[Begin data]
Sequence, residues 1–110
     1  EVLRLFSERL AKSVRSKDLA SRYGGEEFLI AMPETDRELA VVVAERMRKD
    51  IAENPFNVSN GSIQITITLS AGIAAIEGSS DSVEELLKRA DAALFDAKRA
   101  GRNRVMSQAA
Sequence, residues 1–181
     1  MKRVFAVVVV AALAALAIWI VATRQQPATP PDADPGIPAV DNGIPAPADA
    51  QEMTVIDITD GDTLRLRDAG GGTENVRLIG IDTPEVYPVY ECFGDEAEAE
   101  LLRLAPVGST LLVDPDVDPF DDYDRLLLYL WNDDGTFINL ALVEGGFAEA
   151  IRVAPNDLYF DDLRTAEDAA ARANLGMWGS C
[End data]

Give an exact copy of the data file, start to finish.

Sequence, residues 1–110
     1  EVLRLFSERL AKSVRSKDLA SRYGGEEFLI AMPETDRELA VVVAERMRKD
    51  IAENPFNVSN GSIQITITLS AGIAAIEGSS DSVEELLKRA DAALFDAKRA
   101  GRNRVMSQAA
Sequence, residues 1–181
     1  MKRVFAVVVV AALAALAIWI VATRQQPATP PDADPGIPAV DNGIPAPADA
    51  QEMTVIDITD GDTLRLRDAG GGTENVRLIG IDTPEVYPVY ECFGDEAEAE
   101  LLRLAPVGST LLVDPDVDPF DDYDRLLLYL WNDDGTFINL ALVEGGFAEA
   151  IRVAPNDLYF DDLRTAEDAA ARANLGMWGS C